Place filets in brine, cover tightly and refrigerate up to 12 hours. Discard brining solution and thoroughly wash filets in cold water. Dry filets with paper towels. Allow filets to air dry for one hour, or until surface of meat is slightly sticky.
Soak hickory chips in water for 2 hours, drain and wrap damp chips in aluminum foil. Pierce foil with knife to allow smoke to escape.
Place wood chip package directly on one heating element of grill, and place the filets, skin side down, on the opposite side of the grill away from direct heat. Close grill cover. Smoke 3/4-inch thick filets for one hour and fifteen minutes at 275 degrees F, or two hours at 200 degrees F. Add wood chips as necessary until smoking is complete. The meat should be golden brown and flake easily. Cool to room temperature, discard skin and enjoy!
– Mark Hintsa
Bluefish Grilled in Foil
- 2 large bluefish fillets (about 1 lb ea)
- 1 medium onion
- 1 green pepper seeded and thinly sliced
- 1 large firm tomato, thinly sliced
- 1 cup bottled Italian salad dressing
- lemon wedges for garnish
- large pieces of aluminum foil
Prepare a barbecue fire. Coals should be coved with white ash. Rinse and dry the bluefish. Tear off two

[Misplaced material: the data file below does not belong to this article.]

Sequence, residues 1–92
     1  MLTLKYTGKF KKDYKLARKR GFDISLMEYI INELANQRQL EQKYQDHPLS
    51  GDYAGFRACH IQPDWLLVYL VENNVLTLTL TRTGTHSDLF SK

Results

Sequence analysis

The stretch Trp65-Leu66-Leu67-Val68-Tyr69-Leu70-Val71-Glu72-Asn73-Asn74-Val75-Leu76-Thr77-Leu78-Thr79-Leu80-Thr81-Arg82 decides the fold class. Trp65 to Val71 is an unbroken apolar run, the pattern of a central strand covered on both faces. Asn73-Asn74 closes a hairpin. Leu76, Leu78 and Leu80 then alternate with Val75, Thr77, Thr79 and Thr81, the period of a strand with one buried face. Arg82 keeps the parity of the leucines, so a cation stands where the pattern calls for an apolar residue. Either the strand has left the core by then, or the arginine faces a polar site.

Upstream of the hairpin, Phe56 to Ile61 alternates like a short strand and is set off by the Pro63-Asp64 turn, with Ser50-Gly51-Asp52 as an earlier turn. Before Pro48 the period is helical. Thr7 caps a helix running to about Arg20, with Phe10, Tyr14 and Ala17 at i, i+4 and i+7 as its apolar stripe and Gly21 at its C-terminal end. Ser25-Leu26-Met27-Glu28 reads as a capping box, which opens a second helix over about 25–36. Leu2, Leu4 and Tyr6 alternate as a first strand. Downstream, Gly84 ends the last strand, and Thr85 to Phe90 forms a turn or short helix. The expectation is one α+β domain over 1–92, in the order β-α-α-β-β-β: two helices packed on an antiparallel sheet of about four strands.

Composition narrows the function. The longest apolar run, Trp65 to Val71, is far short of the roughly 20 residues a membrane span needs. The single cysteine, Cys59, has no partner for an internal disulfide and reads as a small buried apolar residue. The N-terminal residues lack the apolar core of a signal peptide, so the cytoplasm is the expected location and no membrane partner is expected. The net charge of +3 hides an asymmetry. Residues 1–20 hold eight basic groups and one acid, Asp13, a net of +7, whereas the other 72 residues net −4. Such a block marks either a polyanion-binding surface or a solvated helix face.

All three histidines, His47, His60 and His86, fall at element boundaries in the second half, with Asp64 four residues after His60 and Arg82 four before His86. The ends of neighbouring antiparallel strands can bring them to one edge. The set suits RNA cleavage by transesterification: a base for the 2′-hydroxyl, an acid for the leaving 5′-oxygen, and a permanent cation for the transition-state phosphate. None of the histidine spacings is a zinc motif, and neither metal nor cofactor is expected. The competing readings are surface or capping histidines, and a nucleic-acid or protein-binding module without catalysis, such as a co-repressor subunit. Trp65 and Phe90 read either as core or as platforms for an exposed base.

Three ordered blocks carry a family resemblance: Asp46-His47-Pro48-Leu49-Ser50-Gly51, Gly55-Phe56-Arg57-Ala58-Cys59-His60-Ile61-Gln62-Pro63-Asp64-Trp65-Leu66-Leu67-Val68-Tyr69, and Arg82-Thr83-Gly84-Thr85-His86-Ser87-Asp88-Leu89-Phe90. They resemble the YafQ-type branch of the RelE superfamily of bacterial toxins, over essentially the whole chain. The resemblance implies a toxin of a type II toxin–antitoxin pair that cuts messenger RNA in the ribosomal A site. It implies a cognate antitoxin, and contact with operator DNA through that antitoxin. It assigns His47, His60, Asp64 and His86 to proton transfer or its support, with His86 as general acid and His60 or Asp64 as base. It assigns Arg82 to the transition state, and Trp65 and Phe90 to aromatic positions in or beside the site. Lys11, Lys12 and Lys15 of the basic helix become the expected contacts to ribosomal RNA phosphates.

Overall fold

pieces of aluminum foil large enough to wrap around fish and seal tightly. On one sheet of foil, place one
of the fillets skin side down. Layer sliced onion, green pepper and tomato on top. Top with a second fillet,
skin - side up. Raise the sides of the foil and pour the salad dressing over the fish. Seal the foil by
crimping the edges together and wrap again with second sheet of foil. Place the packet on the grill and cook
for 20 min, turning once. Poke holes in the foil tio let liquid escape and grill for another 5 min or so per
side or until fish tests done. Remove from the grill, open foil and serve with lemon wedges. 4-6 servings.
– Tom Turek
Smoked Bluefish Dip
- 1/2 lb Smoked bluefish (Cooled)
- 1/4 C Mayo
- 1/4 C Sour Cream
- 1 med shallot, minced
- 2 Tbs Chopped fresh Dill
- 2 Tbs Capers, Drained and chopped
- 2 Tbs fresh Lime Juice (Jim used Lemon juice)
- Paprika for serving
Flake the smoked bluefish into a medium bowl. Stir in mayo, sour cream, shallot, dill, capers, and Lime
(lemon) juice. Refrigerate until chilled and firm. Stir well. Sprinkle with paprika ad serve. (Can be
refrigerated for three days.)
– Jim Hanratty
Robalo's R302 Center Console combines fish-ability and bluewater performance in a boat that never backs down.
Capt. Wood has been guiding for over 40 years and has earned the respect of his fellow captains in the area.
View a photo gallery of images we have collected from our past guided fishing trips throughout Southeastern CT.